Pregnant women who develop ‘slapped face syndrome’ have a 30 percent chance of passing it onto their unborn baby and during the first trimester the risk of fetal complications is heightened, says a new review published in BJOG: An International Journal of Obstetrics and Gynaecology.
‘Slapped face syndrome’ is caused by a virus called parvovirus B19. The virus blocks the development of red blood cells and induces inflammation forming the characteristic facial rash. Transmission of the virus is by respiratory droplets for example sneezing and coughing. The incubation period ranges from 4-14 days after exposure but may be as long as three weeks. A rash appears on the face and can also be seen on hands, wrists and knees.
Up to 50% of pregnant women are susceptible to the virus, however, only a small percentage of them will be infected with it. If a pregnant woman develops the virus, there is a 30% chance of fetal transmission, with a 5-10% rate of feta loss, though most neonates are born healthily. However, during epidemics, there is a greater risk of mother to child transmission.
Pregnant women who are particularly vulnerable are those who have weaker immune systems or who suffer from pre-existing haematological conditions. In addition, infected foetuses where there is tissue inflammation and red-cell destruction, are particularly at risk.
While the maternal symptoms of the virus are usually short-lived, the fetal complications that can occur include hepatitis, severe anemia, inflammation of the heart muscle, cardiac failure and fetal death.
The risk of fetal death is linked to gestational age at infection. Approximately 3% of first trimester miscarriages may be due to the virus. However this may differ between epidemic and non-epidemic periods.
Maternal infection in the first trimester is associated with a risk of fetal death of 19%. A gestational age of 13-20 weeks is associated with a 15% chance of fetal death and this falls to 6% after 20 weeks. In the third trimester, fewer fetal complications occur because there is a decreased need for a high number of red blood cells and their life span increases.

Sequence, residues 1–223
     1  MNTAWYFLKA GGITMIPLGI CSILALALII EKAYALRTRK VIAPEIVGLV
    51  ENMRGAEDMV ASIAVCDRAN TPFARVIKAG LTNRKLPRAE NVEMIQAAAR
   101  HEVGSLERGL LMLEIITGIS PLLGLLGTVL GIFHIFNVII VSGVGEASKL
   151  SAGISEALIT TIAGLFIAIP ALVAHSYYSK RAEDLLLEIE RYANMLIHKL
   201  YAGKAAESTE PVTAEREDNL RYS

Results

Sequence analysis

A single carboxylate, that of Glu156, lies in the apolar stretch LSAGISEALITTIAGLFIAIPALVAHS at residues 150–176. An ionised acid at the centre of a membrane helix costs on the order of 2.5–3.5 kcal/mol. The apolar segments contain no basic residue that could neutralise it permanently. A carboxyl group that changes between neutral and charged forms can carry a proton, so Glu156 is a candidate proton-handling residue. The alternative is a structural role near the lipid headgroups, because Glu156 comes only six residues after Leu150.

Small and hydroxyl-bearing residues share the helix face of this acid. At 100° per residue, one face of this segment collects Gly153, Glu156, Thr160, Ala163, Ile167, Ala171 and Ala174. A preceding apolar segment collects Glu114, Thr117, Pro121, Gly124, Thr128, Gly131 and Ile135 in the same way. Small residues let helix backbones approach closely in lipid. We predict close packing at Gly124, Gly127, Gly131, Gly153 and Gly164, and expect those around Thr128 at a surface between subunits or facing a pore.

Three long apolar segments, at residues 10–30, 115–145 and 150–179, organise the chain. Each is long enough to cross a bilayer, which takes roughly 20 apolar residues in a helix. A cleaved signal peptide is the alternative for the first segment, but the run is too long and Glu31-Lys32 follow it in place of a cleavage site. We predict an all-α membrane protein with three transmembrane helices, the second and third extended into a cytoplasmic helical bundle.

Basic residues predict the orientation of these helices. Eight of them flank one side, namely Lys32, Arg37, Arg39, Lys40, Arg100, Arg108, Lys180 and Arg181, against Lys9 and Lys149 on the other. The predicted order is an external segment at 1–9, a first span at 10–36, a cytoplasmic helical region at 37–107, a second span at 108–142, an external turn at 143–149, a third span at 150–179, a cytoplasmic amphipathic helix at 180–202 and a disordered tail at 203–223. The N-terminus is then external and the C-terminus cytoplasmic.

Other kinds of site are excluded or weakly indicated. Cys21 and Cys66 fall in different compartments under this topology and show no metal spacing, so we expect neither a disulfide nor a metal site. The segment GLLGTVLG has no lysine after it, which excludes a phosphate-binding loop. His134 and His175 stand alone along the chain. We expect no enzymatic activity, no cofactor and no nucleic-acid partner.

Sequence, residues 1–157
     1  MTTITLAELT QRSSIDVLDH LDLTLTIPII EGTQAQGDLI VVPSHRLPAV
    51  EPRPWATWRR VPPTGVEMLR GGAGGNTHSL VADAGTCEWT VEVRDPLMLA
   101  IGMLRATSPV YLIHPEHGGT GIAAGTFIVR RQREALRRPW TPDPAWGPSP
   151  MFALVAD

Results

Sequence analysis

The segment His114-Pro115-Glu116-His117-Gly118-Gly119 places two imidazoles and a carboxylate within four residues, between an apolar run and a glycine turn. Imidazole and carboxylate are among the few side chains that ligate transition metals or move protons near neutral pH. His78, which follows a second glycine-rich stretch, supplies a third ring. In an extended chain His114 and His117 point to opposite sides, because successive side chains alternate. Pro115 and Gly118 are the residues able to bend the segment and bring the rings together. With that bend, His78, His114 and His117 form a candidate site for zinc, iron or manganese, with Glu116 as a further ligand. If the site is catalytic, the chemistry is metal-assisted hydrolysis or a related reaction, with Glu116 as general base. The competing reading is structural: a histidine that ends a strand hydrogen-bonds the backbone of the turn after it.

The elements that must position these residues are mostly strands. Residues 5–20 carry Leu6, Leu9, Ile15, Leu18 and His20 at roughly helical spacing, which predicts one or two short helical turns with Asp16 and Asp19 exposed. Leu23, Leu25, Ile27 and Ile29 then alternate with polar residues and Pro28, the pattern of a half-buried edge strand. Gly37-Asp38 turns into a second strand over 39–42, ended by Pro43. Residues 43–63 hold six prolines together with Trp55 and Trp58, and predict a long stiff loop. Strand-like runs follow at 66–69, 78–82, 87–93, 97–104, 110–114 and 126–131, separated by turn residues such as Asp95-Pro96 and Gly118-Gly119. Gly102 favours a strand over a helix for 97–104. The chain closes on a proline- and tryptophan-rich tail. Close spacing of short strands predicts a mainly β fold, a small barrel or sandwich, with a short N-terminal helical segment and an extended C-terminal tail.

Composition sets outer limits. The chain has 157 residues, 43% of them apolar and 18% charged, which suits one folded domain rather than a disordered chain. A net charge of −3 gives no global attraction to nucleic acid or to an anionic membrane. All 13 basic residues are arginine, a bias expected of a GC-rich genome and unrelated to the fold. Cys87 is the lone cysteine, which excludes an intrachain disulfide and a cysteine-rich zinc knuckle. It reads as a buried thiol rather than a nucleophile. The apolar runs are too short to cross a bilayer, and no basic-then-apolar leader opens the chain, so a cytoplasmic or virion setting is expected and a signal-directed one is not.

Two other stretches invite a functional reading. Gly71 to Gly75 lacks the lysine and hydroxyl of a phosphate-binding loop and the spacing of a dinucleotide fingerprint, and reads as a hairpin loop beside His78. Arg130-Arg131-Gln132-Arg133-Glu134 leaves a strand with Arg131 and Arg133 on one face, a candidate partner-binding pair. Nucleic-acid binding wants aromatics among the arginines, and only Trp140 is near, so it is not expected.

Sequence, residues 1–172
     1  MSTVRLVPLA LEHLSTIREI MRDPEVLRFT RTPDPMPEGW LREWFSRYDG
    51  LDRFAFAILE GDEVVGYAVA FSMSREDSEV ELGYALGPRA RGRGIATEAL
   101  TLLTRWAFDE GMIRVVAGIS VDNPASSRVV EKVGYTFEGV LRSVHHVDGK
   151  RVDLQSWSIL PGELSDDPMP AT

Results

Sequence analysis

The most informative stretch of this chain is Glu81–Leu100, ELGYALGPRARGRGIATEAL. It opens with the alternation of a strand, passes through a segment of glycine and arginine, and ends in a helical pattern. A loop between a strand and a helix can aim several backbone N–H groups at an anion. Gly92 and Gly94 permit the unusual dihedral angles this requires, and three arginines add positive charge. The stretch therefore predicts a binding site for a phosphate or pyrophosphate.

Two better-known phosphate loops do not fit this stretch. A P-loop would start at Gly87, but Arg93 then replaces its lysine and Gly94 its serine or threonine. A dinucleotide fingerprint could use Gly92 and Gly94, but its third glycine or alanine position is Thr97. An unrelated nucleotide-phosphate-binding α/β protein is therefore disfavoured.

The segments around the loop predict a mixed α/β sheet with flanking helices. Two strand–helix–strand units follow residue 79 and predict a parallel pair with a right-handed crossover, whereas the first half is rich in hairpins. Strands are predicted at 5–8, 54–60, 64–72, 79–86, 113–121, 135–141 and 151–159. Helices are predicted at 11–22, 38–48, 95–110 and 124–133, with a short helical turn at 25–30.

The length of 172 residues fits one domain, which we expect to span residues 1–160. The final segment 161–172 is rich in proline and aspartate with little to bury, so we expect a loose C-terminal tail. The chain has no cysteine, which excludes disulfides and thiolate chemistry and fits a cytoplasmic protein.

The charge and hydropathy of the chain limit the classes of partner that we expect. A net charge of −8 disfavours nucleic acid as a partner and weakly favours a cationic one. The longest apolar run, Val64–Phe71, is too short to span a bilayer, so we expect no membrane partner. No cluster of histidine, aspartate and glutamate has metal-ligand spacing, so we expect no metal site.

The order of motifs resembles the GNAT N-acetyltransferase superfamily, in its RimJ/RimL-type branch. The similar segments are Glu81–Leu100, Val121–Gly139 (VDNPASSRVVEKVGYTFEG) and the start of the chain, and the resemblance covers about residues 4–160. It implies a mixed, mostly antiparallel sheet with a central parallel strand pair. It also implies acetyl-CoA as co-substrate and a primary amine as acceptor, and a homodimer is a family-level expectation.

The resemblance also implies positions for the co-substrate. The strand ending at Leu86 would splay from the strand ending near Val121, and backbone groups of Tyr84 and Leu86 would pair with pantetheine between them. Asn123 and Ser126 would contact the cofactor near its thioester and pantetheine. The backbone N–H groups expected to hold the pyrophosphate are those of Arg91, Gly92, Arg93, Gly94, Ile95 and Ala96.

There is no specific antiviral therapy or vaccine available for parvovirus B19 infection. It is therefore important that obstetricians are familiar with the diagnosis and management of the infection, says the review. Diagnosis includes detection of developing heart failure, which can be assessed by detecting the accumulation of fluid in the baby using ultrasound scanning. Management can include transfusing the baby to correct anaemia, using very thin needles to introduce the blood into the baby’s circulation while it is still in the womb.
The review concludes that further research is needed to develop antiviral therapy and a future vaccine for the virus.
Professor Ronnie Lamont, from the National Institute of Child and Human Development, part of the National Institutes of Health (NIH) in the US and lead author on the review said:
“Our review highlights the seriousness of the parvovirus B19 infection and recommends how it is best treated. Once diagnosed, steps should be taken to reduce the risk of onward transmission. Frequent hand washing is an effective measure and infected persons should avoid crowded areas, such as schools or shopping centres, which are likely to be frequented by pregnant women.
“All pregnant women who know they have been exposed to the virus should have a blood test to tell whether they are susceptible, and if so, whether they are developing the infection. The facial rash can often be misdiagnosed as measles or rubella so the key is to think of this virus as a possible diagnosis in such cases. A simple blood test will make the diagnosis.
If a fetus is infected, regular ultrasound scans should be done to detect fetal anaemia and cardiac failure. Luckily if the infection occurs later than 30 weeks gestation, it is unlikely there will be any complications.”
Professor Philip Steer, BJOG editor-in-chief added:
“Parvovirus B19 infection is widespread and relatively harmless for the mother, but can have serious consequences in a small percentage of babies, especially if the infection is in the first or second trimester. This review will help clinicians recognise the virus and raise awareness of its diagnosis and management.
“The development of a vaccine would be extremely valuable and would prevent the significant number of fetal complications associated with the virus.”
Lamont R, Sobel J, Vaisbuch E, Kusanovic J, Mazaki-Tovi S, Kim S, Uldbjerg N, Romero R. Parvovirus B19 infection in human pregnancy. BJOG 2010;
Source: BJOG: An International Journal of Obstetrics and Gynaecology